The new HPC|GPU subgroup has been working recently to create first best practices around the new technology from NVIDIA – GPUDirect. Here is some background on GPUDirect: the system architecture of a GPU-CPU server requires the CPU to initiate and manage memory transfers between the GPU and the network. The new GPUDirect technology enables Tesla and Fermi GPUs to transfer data to pinned system memory that a RDMA capable network is able to read and send without the involvement of the CPU in the data path. The result is an increase in overall system performance and efficiency by reducing the GPU to GPU communication latency (by 30% as was published by some vendors). The HPC|GPU subgroup is first to release benchmarks results of application using GPUDirect. The application that was chosen for the testing was Amber, a molecular dynamics software package. Testing with 8 nodes cluster demonstrated up to 33% performance increase using GPUDirect. If you want to read more – check out the HPC|GPU page –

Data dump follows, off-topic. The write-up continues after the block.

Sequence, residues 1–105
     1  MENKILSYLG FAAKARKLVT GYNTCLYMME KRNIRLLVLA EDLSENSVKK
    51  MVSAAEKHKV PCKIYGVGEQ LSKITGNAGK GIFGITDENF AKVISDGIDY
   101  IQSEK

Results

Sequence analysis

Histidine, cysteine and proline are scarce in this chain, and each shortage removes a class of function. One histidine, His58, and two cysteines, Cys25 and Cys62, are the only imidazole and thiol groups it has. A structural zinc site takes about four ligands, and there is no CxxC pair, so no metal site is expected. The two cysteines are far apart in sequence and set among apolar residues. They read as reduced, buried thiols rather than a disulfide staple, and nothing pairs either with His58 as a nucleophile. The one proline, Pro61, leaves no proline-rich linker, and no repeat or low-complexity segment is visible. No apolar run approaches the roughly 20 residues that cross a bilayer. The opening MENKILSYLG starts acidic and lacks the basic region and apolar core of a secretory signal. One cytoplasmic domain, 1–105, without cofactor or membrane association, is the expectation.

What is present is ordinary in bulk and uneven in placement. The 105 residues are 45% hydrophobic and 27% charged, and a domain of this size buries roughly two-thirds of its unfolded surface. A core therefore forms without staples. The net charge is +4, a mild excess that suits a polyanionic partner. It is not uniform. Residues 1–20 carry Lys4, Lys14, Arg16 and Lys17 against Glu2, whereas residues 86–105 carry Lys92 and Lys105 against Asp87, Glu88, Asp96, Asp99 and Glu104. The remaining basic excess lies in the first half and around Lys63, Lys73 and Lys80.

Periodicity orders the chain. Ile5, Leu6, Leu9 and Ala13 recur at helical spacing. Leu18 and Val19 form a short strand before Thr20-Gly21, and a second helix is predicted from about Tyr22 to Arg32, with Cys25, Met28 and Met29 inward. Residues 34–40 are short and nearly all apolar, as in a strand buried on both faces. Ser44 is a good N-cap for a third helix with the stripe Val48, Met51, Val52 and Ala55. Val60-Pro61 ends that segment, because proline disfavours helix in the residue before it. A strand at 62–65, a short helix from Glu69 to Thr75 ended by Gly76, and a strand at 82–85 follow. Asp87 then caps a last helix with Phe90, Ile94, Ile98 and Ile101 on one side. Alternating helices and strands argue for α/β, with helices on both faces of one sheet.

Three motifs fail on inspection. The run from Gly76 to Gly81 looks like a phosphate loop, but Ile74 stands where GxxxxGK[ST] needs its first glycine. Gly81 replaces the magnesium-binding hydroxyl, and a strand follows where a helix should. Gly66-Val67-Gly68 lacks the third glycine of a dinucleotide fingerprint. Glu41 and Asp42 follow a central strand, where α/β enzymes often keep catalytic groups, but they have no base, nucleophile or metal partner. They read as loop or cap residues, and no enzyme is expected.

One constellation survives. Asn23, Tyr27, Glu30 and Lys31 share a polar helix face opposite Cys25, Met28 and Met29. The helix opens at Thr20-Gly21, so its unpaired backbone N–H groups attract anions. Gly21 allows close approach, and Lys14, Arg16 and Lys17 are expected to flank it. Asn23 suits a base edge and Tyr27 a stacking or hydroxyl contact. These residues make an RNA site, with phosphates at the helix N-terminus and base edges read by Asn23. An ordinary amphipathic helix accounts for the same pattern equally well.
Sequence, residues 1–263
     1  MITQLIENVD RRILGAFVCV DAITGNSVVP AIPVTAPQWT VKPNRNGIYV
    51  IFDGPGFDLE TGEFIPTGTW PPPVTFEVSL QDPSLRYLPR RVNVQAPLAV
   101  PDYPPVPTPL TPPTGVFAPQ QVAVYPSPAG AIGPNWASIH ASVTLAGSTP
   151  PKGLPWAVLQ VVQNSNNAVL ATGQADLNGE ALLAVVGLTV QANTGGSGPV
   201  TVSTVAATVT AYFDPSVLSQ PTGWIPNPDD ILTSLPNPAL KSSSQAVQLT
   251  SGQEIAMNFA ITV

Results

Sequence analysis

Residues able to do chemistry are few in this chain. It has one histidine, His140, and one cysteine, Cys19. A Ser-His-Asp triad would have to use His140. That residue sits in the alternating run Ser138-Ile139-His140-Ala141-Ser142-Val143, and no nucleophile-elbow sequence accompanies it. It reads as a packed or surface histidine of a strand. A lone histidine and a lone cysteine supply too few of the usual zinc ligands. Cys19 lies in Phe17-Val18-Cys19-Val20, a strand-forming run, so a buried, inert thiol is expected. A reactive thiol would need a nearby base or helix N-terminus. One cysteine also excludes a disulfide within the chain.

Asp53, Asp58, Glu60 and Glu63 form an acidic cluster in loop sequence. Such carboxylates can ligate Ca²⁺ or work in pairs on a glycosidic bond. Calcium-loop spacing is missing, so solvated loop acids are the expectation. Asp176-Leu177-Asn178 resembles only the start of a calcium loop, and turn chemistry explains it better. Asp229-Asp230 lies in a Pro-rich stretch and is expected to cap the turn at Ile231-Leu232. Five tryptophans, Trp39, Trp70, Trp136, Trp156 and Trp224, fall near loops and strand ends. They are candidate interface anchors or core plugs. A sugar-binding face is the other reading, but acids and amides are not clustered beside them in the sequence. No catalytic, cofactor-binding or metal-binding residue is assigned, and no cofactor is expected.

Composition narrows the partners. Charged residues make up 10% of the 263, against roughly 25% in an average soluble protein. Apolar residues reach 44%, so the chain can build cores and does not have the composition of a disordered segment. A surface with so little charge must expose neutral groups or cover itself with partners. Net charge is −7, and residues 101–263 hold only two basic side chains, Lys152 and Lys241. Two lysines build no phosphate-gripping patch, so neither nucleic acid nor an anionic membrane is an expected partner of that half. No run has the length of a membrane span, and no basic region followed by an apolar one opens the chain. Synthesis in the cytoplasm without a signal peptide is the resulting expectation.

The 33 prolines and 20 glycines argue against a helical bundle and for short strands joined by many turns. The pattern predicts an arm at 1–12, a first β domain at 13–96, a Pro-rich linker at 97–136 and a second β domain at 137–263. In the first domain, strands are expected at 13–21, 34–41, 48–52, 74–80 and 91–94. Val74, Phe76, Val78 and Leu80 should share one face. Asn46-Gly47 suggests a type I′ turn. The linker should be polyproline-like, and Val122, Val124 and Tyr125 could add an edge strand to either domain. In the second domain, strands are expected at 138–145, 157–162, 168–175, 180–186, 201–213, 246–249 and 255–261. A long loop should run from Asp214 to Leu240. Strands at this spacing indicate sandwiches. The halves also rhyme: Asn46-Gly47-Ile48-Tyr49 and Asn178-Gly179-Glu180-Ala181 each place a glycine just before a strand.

HPC Applications Best Practices

Wanted to let you know that we have extended the high-performance applications best practices to:


1. Extend the applications performance, optimization and profiling guidelines to cover nearly 30 different applications, both commercial and open source –


2. We have added the first case using RoCE (RDMA over Converged Ethernet) to the performance, optimization and profiling guidelines page. It is under the same link as in item 1


3. New – installations guides – for those who asked to get a detailed description on where to get the application from, what is needed to be installed, how to install on a cluster, and how to actually run the application – it is now posted under the HPC|Works subgroup – We will be focusing on open source applications, which sometime it challenging to really find this info. At the moment we have installations guides for BQCD, Espresso and NAMD, and more will come in the near future.


If you would like to propose new applications to be covered under the performance, optimization and profiling guidelines, or to be added to the installations guides, please let us know via

Best regards,


HPC Advisory Council Announces 2nd Annual China High-Performance Computing Workshop Program